KRL: Do you outline? If not, do you have some other interesting way that you keep track of what’s going on, or what needs to happen in your book when you are writing it?
Mary: I do outline, though I have to re-outline a time or two in the middle of the book when the plot shifts. I also do visual character sketches by making collages of what the characters look like, wear, read, fear, drive, and what issues they are passionate about. The collages give me a good sense of who the characters are and help make them behave more naturally when I write about them. In my old house, I had a room with old kitchen cabinets built in on every wall, and I taped the collages on the fronts of all of the cabinets. I recently moved to a tiny condo and now alas, they live under the bed. Halfway through each book I reach a stage I refer to as trying to put socks and sneakers on a squirmy toddler octopus. Creating a timeline helps wrangle those issues.
KRL: If you had your ideal, what time of day would you prefer to write?
Mary: Definitely morning, with the occasional middle of the night. Other ideal elements would be a giant bowl of peanut M&Ms that had no calories, and a self-refilling latte mug (nonfat milk, full caffeine, no sugar).
KRL: Did you find it difficult to get published in the beginning?
Mary: Yes and no. Those first books still aren’t published (though I have plans to rewrite them, possibly as romances). For the mysteries, I sent out more than 100 query letters to agents and though I received a few offers of representation, I didn’t think the agents proved a good fit for me and my books. (I did have some great conversations with some fantastic agents I will definitely approach with any subsequent series. Agents are such great people.) I told myself that I wasn’t trying to find an agent or publisher for the first book. I was merely “honing my list” to use when I finished the second book. But the first publisher I sent to, Kensington, phoned me and offered me a three-book contract before I’d written more than a chapter or two of the second book. “Shock” would be a mild word for my reaction.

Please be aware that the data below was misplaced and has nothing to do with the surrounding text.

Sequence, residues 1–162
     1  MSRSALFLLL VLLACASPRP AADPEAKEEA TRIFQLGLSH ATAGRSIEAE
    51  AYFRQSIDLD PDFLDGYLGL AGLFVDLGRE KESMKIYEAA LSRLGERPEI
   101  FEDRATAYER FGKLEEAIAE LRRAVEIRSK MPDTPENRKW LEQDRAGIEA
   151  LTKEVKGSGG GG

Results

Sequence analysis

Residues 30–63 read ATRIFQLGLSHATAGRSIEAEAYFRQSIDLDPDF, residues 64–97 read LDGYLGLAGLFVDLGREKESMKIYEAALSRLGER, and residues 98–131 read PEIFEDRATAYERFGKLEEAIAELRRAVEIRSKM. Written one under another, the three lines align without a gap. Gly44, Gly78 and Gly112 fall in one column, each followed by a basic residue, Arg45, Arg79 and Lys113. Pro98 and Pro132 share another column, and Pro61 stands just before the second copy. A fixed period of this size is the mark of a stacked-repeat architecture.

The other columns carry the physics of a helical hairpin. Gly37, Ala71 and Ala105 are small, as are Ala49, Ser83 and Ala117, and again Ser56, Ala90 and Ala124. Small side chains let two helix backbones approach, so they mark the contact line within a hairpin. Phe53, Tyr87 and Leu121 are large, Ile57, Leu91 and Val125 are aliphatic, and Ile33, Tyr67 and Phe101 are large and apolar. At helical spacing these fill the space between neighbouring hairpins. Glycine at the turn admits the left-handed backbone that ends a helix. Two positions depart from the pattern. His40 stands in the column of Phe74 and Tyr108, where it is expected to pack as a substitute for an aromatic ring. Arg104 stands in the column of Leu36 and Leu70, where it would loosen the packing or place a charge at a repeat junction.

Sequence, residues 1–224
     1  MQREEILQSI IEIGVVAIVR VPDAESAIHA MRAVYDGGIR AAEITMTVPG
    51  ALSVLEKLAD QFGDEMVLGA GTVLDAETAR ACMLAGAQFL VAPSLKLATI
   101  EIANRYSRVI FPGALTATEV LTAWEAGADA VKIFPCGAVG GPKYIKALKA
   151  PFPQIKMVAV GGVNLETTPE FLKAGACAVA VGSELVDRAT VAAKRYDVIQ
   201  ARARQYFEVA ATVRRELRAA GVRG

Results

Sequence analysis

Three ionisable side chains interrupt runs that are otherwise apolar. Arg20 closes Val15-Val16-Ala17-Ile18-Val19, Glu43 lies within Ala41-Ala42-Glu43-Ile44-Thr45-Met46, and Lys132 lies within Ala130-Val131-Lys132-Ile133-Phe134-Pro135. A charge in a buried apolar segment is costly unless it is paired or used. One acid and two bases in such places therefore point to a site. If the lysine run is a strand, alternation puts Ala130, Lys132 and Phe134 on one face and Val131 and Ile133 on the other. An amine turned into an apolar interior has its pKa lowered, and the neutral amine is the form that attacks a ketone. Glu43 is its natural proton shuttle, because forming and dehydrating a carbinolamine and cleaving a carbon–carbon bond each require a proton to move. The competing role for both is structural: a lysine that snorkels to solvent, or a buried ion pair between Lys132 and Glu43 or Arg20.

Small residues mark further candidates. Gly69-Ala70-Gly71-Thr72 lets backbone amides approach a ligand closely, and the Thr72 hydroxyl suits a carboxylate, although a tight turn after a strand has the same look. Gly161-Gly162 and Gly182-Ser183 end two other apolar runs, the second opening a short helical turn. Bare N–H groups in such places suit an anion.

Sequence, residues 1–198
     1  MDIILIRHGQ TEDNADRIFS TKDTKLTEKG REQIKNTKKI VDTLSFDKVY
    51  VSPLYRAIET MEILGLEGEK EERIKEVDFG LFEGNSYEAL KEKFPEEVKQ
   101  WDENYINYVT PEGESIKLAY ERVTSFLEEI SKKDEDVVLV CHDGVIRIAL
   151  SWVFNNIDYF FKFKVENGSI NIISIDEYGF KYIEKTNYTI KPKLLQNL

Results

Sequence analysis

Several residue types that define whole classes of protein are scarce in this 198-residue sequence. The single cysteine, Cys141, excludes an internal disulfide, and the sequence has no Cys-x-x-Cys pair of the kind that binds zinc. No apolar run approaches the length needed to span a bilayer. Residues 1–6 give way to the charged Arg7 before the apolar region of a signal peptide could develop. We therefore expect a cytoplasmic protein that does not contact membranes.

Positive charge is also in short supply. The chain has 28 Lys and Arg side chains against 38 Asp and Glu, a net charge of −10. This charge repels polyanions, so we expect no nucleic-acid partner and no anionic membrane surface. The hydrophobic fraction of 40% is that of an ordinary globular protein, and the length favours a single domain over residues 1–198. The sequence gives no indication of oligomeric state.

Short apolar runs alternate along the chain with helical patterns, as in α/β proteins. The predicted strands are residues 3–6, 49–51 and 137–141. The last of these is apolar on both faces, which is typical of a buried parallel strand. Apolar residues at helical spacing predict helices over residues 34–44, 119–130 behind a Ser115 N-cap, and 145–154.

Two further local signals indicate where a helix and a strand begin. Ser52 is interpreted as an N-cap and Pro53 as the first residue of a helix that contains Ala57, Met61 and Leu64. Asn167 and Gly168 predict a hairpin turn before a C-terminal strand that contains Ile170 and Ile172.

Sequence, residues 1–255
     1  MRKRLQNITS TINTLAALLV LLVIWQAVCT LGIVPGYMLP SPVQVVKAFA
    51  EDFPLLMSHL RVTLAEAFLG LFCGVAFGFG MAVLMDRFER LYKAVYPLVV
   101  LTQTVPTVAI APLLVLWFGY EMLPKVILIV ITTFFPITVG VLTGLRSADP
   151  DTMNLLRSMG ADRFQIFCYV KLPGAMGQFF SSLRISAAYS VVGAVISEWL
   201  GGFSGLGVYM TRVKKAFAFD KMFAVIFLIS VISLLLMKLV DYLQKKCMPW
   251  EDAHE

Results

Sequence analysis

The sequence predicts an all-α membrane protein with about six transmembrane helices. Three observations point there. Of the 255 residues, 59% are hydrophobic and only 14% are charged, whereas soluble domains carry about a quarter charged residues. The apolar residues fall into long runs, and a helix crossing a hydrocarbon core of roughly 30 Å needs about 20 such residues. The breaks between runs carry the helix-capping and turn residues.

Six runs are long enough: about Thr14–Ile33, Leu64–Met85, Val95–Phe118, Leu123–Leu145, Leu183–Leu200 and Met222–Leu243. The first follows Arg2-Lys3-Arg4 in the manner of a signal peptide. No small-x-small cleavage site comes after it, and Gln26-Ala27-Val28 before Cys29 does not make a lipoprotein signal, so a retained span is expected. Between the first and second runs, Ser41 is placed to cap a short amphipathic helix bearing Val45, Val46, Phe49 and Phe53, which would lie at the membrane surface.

KRL: Do you have a great rejection/critique or acceptance story you’d like to share?
Mary: I was in a critique group early on in the development of the first book. One writer, wrote me a scathing note. Maggie (my main character) was relocating to Silicon Valley and she was worried about a great many things. Some of those things were rational, some weren’t. Among them was a fear of mountain lions, since her new home backs up directly on an Open Space District in which mountain lions occasionally get too close to the humans. My critiquer insisted that she was an expert on Silicon Valley because she’d lived there for six months in the 1970s, and there were NO mountain lions there. The following week, a teenaged mountain lion found himself in downtown Mountain View, very confused, and decided to take a nap in a nice cool parking garage under an apartment building that housed one of my son’s friends. I wished I could send the critiquer a copy of the article, but by that time she’d dropped out of the group. On the flip side, I just received an email from a woman whose husband is a war veteran much like one of my characters, and got a little teary over my authentic portrayal of many of the issues surrounding wounded vets. I love the character, but often worried how real-life veterans would receive him. That email made my day.
KRL: Most interesting book signing story in a bookstore or other venue?